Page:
Risk Assessment

Air quality in a changing climate

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Climate change in cities. Source: NSF-Carlye Calvin.

This Editorial, written by Dan Costa*, appeared first in Environmental Health Perspectivesthe peer-reviewed, open access journal of the National Institute of Environmental Health Sciences

The article is a verbatim version of the original and is not available for edits or additions by Encyclopedia of Earth editors or authors. Companion articles on the same topic that are editable may exist within the Encyclopedia of Earth.

Air Quality in a Changing Climate

Once, in the not so distant past, smoke belching from urban factories and plants was viewed as a symbol of a prosperous, growing economy with abundant jobs. However, awareness of the downside of such pollution spawned the environmental movement of the 1960s, culminating in the Clean Air Act Amendment of 1970. This landmark legislation provided the regulatory mandates and legal tools that stimulated innovative technological efficiencies. Remarkably, over the next 40 years, emissions were brought down by more than two-thirds, even as productivity improved.

caption Atmospheric Dust. Source: European Space Agency. Today, the absence of sooty urban air and the presence of clear vistas are the visible hallmarks of successful air pollution policies. Indeed, in the past two decades, the percentage of people who view the threat of air pollution with “a great deal of concern” has been reduced by 25% (Jones 2010). Even the Office of Management and Budget (2007) noted that air pollution regulations have yielded substantial benefits to the U.S. economy—providing $3 to $17 for every $1 spent over the previous 10 years on implementation of air rules.

Ironically, about 127 million Americans still live in counties where air pollution levels exceed one or more of the six National Ambient Air Standards (NAAQS), and politicians still debate whether the health-based regulation of air quality is hurting the economy and stymieing job growth despite evidence to the contrary. For example, in March 2011, a U.S. Environmental Protection Agency (EPA)-commissioned study ordered by Congress reported that air policy benefits from 1990 to 2020 exceeded $2 trillion, and 160,000 deaths were prevented in just 1 year (U.S. EPA 2011). Another study has estimated that capital investment in air pollution controls on the U.S. power generation sector will create 638,000 construction, installation, and other professional jobs between 2010 and 2015 (Heintz et al. 2011). Clearly, air pollution regulation continues to have important implications for public health and environmental welfare, as well as the health of the economy. To be sure, these critical policy decisions need to be made on a foundation of sound and innovative science.

The question remains: What is left to do regarding air pollution control, and can we further advance our understanding of air pollution risk and find ways to sustainably protect health and the environment? In this regard, a few broad questions do come to mind: What innovative technologies and strategies can be developed, at reasonable cost, to further reduce air pollution in those areas that remain out of compliance or that are subject to local impacts of specific air pollution sources? What new information about how air pollutants affect health is needed to protect those who seem to be at unusual risk (i.e., susceptible)? How important is the mix of air pollutants in the etiology of adverse health outcomes? Finally, given the known interplay between air quality and climate, what will be the impact of climate change on the improvement in air quality that has been achieved to date? These questions are all clearly linked to each other and as we move ahead in the 21st century, real gains in our understanding and improvements in air quality will be achieved only through true interdisciplinary science that can leverage the capabilities and perspectives of the air science community.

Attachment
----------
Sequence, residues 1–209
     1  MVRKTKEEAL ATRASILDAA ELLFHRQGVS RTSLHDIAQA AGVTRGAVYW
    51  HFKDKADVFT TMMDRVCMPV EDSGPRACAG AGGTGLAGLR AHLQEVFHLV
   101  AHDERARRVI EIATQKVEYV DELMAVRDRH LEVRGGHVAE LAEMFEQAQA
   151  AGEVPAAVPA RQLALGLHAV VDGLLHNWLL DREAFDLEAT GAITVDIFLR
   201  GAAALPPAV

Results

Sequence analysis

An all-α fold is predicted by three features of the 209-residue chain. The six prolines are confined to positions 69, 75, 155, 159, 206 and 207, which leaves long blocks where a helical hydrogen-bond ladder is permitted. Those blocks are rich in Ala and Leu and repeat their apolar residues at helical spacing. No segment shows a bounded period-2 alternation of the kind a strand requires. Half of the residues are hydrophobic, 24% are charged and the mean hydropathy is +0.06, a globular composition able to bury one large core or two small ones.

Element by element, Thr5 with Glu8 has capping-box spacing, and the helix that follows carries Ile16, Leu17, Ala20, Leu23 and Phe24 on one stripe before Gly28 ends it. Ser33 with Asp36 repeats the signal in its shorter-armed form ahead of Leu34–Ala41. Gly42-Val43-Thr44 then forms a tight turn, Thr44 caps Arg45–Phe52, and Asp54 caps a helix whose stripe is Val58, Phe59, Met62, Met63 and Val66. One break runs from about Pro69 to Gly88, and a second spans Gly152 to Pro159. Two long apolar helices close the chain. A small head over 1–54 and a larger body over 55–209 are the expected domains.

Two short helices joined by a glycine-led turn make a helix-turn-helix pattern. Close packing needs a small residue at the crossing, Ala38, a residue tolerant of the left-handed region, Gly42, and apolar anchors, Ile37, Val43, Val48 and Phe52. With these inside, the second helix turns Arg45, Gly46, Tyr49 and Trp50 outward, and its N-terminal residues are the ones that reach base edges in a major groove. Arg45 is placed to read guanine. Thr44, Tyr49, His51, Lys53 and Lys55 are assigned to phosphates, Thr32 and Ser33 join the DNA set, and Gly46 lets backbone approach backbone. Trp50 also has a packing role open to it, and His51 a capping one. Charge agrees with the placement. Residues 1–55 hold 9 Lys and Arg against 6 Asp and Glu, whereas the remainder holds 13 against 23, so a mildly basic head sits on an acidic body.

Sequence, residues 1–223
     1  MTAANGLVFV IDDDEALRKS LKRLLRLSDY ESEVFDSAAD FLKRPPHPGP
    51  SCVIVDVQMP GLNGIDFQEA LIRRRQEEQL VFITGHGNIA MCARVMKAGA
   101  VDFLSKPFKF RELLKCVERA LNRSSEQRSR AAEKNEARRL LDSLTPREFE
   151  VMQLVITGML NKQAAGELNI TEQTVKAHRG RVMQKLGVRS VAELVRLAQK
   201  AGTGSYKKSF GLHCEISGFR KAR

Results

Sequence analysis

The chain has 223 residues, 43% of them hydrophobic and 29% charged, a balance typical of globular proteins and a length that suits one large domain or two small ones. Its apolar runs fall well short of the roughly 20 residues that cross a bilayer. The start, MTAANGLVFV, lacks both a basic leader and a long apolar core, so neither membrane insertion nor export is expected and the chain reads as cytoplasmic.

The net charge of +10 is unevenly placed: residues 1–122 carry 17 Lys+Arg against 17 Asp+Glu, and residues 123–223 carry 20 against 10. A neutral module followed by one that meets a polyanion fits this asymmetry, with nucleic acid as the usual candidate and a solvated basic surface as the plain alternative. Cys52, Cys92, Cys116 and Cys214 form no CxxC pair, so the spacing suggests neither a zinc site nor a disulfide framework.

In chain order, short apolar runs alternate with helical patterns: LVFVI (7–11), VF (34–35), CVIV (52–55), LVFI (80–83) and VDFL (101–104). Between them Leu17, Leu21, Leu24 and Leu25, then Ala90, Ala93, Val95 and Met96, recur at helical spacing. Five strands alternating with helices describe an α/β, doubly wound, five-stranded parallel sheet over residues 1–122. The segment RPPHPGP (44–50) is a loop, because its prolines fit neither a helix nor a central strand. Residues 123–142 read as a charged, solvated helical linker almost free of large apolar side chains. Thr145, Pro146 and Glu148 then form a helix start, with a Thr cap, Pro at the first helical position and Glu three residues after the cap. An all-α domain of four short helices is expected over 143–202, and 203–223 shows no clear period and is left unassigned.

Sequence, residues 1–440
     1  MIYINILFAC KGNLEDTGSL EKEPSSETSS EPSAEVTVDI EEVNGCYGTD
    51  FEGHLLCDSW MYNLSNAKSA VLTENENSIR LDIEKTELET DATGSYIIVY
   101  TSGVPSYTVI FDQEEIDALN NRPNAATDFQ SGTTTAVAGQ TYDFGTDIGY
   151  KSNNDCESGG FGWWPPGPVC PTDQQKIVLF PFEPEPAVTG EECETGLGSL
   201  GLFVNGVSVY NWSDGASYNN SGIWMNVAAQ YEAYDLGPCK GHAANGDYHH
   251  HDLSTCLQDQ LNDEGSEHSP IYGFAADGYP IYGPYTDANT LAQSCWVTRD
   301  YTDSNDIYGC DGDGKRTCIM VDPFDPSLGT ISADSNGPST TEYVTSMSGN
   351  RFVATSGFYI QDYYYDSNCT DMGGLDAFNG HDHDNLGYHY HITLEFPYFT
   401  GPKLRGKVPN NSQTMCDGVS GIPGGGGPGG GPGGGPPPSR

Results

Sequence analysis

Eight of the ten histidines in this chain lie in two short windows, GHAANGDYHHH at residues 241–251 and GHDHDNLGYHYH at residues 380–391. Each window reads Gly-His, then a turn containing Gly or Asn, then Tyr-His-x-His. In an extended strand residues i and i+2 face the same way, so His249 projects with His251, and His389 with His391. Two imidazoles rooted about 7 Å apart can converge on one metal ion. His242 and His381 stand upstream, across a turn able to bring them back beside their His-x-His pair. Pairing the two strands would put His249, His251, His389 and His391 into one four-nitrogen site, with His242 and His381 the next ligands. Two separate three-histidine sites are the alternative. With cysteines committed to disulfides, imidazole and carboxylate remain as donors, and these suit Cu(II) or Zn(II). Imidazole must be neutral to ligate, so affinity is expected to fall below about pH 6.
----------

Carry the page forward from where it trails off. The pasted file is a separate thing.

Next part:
In that spirit, in March 2010, the American Association of Aerosol Research (AAAR) held a conference titled “Air Pollution and Health: Bridging the Gap from Sources to Health Outcomes,” which was sponsored by the U.S. EPA and the Health Effects Institute. This conference brought together > 500 scientists from across the air pollution disciplines, along with risk assessors and policy makers, to look at air pollution through a new wide-angle lens. Although great strides had been made in understanding the health impacts of particulate matter (PM) in the past 15 years, uncertainties exist, especially at the lower end of the exposure–response curve. These include the role of PM attributes (composition and size), the spatial and temporal variation of PM, and the significance of these in estimating exposure. Equally important are the extent to which copollutants may interact to alter PM physiochemistry or biological responses, perhaps themselves having poorly appreciated impacts in the multipollutant air environment. With exposure estimates being so critical, consideration was given to atmospheric models of PM and other pollutants that could be wed with health outcomes to improve exposure and risk estimations. Perhaps such a marriage can provide a means to assess whether policy decisions actually have their intended consequence when implemented at such low ambient exposure levels.

As emission sources of air contaminants are fundamental to what ultimately ends up in the air in their emitted forms or as transformed by atmospheric chemistry, the meeting adopted the paradigm of “source to health outcomes” as a logic model to assess the existing state of knowledge, and to establish a foundation for embarking into the multipollutant arena.